Fans of the New York Yankees might bristle when they hear their team referred to as the "Evil Empire." But the team itself doesn't seem to mind, at least judging from a recent legal dust-up over the phrase.
A panel of trademark judges in Washington, D.C., earlier this month denied a request from a private entrepreneur, known as Evil Enterprises, Inc., to register the trademark for the phrase "Baseballs Evil Empire."
Evil Enterprises wanted the exclusive right to market merchandise using that phrase, which was coined in regard to the Yankees by Larry Lucchino, the president and chief executive of the Boston Red Sox, back in 2002. Upon learning that the Yankees had signed sought-after Cuban pitcher Jose Contreras, Lucchino was widely reported as saying: "The evil empire extends its tentacles even into Latin America."
Evil Enterprises initially applied for a trademark back in July of 2008.
But the Yankees objected, arguing that they had the rights to the phrase—at least when used in connection with baseball.
Part of the Yankees' argument: a concession that in the baseball world, they are, in fact, the "Evil Empire." In its legal papers, the team referenced a number of articles from the past decade using the term in connection with the Yankees, and conceded that the team has "implicitly embraced" the "Evil Empire" theme by playing music from Star Wars during their home games.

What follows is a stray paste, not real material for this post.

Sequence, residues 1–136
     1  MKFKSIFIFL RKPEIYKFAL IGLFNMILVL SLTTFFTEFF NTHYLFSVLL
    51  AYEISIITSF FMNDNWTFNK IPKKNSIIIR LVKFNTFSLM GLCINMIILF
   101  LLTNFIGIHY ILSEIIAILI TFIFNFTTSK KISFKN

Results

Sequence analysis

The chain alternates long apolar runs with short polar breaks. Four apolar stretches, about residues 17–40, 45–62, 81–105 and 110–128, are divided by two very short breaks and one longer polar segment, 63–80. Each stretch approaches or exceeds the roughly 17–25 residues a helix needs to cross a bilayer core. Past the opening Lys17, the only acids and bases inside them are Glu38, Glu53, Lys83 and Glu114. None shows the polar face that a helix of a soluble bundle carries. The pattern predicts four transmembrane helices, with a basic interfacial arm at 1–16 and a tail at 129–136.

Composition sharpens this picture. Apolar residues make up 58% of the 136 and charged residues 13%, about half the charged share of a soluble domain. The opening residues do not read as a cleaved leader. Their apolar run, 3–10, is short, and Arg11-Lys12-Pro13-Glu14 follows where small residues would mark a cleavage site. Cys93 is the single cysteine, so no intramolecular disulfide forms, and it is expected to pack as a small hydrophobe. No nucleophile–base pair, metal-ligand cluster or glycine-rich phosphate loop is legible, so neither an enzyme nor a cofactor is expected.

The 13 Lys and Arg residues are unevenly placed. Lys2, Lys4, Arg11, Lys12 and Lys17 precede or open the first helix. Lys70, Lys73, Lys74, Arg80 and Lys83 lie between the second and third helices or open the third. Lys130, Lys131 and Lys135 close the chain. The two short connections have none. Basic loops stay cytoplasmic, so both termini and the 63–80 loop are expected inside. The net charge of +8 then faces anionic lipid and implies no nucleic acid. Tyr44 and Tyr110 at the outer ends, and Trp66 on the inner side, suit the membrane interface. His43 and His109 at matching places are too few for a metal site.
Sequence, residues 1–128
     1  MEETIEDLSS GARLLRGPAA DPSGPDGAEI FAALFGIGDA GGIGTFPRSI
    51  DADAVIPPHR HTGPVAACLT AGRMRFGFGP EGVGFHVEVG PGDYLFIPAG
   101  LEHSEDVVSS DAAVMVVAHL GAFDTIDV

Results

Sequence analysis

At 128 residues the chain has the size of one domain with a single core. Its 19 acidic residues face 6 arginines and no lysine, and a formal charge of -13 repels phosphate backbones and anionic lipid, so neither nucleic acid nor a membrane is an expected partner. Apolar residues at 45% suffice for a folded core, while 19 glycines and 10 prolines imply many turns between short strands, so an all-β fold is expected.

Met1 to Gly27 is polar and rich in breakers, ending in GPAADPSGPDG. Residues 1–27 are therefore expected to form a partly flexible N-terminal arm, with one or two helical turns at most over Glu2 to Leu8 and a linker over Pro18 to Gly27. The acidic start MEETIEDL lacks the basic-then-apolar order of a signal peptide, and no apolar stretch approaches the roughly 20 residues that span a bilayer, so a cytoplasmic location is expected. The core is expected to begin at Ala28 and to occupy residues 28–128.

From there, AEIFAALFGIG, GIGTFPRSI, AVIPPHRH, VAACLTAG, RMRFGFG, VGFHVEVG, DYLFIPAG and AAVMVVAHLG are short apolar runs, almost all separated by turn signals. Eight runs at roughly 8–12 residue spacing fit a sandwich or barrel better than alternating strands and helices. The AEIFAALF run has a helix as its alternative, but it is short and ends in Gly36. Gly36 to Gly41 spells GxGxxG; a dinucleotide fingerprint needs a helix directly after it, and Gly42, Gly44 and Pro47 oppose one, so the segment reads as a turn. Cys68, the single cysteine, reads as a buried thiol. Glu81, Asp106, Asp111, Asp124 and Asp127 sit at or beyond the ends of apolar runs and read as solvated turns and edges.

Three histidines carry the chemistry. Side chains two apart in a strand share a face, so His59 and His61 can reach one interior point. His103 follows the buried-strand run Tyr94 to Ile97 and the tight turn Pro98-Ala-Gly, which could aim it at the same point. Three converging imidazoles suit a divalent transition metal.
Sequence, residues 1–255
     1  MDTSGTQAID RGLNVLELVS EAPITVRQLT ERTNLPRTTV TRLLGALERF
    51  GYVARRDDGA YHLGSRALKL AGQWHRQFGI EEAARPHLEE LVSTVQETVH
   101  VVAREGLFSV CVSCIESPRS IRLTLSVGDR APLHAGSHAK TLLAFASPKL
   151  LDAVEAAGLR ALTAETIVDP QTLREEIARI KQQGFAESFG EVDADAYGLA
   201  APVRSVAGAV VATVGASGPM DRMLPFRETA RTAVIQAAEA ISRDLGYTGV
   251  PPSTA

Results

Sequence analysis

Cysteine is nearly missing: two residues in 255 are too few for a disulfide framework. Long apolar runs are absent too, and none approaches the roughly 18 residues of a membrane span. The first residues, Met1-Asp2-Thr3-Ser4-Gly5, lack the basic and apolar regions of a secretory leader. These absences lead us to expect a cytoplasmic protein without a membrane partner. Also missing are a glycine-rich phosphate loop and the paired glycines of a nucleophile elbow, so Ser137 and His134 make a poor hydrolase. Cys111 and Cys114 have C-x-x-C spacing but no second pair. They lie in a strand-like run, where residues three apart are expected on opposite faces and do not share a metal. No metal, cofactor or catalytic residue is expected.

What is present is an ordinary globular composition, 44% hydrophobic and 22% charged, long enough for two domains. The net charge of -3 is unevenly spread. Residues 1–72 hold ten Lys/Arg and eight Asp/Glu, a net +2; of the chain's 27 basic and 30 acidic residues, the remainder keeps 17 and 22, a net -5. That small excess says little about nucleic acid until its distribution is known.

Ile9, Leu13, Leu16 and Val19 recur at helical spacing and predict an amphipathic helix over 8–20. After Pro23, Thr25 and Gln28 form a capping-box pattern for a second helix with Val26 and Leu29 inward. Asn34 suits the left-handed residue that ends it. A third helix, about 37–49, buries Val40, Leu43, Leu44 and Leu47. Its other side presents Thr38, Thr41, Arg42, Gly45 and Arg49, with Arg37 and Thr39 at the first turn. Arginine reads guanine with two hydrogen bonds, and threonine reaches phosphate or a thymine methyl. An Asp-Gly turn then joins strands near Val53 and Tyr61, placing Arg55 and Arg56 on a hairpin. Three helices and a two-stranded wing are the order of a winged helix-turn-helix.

The panel of judges sided with the Yankees, ruling that the Yankees are strongly associated with the phrase. Allowing anyone else to use the phrase exclusively would likely cause confusion, ruled the judges.
"In short, the record shows that there is only one Evil Empire in baseball and it is the New York Yankees," wrote the judges. "Accordingly, we find that [the Yankees] have a protectable trademark right in the term . . . as used in connection with baseball."
Gerard Dunne, a lawyer for Evil Enterprises, said he and his client had yet to figure out whether to appeal. "But we disagree with the opinion, because we don't think "Evil Empire" exclusively refers to the Yankees anymore," he said. "You've seen it used with the Phillies, the Rangers, and other teams."
Representatives for the Yankees didn't respond to request seeking comment.
When reached Friday, Lucchino said, "I give them credit. Their embracing it is clever indeed."